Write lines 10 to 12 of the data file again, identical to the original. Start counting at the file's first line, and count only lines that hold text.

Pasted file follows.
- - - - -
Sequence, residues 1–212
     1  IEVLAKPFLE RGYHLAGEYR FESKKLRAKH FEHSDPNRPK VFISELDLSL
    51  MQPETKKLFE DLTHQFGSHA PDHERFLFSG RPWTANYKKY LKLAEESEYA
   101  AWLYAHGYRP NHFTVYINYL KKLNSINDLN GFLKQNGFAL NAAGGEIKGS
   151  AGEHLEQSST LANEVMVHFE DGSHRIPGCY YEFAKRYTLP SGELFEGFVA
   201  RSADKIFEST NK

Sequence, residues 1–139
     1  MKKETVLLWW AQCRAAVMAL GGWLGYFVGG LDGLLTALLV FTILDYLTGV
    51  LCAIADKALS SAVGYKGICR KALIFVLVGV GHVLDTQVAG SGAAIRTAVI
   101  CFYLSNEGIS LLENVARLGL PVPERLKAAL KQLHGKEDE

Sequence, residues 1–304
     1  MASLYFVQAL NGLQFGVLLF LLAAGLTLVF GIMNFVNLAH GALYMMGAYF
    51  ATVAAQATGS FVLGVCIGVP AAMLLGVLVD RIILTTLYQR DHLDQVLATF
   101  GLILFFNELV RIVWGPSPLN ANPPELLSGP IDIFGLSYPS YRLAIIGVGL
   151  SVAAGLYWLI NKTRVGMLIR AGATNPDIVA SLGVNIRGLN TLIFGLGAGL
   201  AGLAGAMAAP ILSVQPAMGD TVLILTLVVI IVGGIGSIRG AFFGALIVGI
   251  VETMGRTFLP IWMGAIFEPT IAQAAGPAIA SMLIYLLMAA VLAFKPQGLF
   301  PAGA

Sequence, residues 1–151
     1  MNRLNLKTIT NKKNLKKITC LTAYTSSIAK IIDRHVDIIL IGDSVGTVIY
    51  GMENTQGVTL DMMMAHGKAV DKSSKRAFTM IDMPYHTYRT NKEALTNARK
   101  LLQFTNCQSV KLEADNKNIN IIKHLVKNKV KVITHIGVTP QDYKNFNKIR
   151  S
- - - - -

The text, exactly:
   101  CFYLSNEGIS LLENVARLGL PVPERLKAAL KQLHGKEDE

Sequence, residues 1–304
     1  MASLYFVQAL NGLQFGVLLF LLAAGLTLVF GIMNFVNLAH GALYMMGAYF